New Delhi: In a repeat of the April incident in Ladakh, Chinese troops reportedly intruded into Arunachal Pradesh at two places last week. Army and police sources have confirmed that they camped for at least three to four days in one area, about 20 km within Indian territory.
The first intrusion in Arunachal Pradesh was discovered by the Indian Army on August 11 at Plam Plam, a high-altitude, sparsely-populated and very remote area. The second was a few kilometres away on the Hadig La pass, just two days ago.
News of these incursions comes as India landed a C-130J Super Hercules transport plane at an airstrip in Daulat Beg Oldie near the Line of Actual Control (LAC) in Ladakh, the site of the India-China stand-off in April, in a flexing of muscle before border talks.
Sources said when the Indian troops chanced upon the Chinese soldiers camped at Plam Plam, they made a tactical retreat to come back with a reinforced patrol. But before they did, the Chinese soldiers told them, through interpreters present in both patrols, that they were building a track to Kapatu, about 20 km into what India considers its territory.
They also said that they had been coming into the area for the last 12 years, since 2001.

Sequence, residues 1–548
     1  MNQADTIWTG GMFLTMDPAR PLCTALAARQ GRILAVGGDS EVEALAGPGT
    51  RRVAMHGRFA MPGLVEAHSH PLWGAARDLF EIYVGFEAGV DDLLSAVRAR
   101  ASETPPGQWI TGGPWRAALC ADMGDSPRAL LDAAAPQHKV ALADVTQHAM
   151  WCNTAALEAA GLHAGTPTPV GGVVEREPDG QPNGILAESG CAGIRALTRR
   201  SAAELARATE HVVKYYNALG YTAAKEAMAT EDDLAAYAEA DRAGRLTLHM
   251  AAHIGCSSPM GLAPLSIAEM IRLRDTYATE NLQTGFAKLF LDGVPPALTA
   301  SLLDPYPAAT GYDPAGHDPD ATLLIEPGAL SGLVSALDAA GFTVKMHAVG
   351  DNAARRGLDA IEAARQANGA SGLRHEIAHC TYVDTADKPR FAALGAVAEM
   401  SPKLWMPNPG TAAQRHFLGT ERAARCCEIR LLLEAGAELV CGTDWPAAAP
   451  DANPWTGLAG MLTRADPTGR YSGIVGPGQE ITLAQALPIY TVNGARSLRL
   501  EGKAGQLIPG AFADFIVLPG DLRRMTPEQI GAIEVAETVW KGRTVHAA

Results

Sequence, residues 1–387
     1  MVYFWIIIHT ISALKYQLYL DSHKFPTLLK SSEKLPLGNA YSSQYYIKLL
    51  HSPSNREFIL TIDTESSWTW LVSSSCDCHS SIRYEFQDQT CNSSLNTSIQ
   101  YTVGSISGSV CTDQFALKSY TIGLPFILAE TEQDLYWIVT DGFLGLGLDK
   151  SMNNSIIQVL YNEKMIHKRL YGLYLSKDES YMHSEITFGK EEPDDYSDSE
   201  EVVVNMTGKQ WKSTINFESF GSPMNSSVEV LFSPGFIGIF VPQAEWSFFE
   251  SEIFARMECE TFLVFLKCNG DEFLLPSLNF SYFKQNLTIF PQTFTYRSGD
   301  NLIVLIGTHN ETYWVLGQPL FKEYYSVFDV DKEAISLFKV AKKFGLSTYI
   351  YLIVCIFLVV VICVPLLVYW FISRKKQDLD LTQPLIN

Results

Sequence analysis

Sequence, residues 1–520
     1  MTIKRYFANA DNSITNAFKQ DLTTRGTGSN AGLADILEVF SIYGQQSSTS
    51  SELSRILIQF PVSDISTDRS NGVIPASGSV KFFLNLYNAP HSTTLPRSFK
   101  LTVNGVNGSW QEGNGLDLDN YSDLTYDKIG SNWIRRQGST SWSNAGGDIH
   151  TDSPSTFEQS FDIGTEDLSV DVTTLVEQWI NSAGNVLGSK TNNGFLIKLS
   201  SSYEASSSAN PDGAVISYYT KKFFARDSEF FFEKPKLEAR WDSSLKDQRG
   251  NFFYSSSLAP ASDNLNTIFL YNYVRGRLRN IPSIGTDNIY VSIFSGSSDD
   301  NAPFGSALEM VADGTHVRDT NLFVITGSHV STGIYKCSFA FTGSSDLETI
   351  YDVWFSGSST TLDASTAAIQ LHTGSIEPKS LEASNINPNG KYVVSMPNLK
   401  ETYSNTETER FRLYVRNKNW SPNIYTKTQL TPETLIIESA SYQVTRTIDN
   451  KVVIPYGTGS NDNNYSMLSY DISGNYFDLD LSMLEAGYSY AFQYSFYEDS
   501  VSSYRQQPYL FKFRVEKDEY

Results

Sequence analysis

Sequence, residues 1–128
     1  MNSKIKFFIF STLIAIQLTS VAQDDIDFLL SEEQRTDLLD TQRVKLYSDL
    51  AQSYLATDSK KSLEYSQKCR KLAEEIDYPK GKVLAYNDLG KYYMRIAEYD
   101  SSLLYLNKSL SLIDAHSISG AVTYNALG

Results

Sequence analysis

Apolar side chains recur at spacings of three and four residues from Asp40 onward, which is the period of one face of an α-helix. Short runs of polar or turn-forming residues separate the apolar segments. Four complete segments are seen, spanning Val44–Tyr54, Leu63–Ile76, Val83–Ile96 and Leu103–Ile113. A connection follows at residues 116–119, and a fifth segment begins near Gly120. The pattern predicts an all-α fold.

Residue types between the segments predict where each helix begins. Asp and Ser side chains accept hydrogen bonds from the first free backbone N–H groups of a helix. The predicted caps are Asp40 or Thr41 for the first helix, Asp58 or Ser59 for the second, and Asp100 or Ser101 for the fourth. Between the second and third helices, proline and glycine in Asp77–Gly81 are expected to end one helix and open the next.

The Indian Army launched a reinforced patrol on August 15, which went back to Plam Plam to find that the Chinese troops had withdrawn. But on August 19, they ran into a different group of Chinese soldiers in Hadig la. This group did not camp on Indian territory and withdrew immediately. As did the Indian troops.
"We don't take up non-events in diplomatic practice. The Army has refuted it," said Syed Akbaruddin, spokesperson in the Ministry of External Affairs.
However, the Army is tight-lipped and only said, "We patrol up to our area of perception, the Chinese troops patrol up to their area of perception."
China for many years claimed entire Arunachal Pradesh as its own territory. There have been intrusions in the past, but the Chinese have always gone back immediately. This was the first time a camp was discovered in recent times in Arunachal, much like the one in Ladakh in April, when the Chinese camped for 21 days in Depsang leading to diplomatic tension for days, which was de-escalated after many rounds of talks and tough negotiations.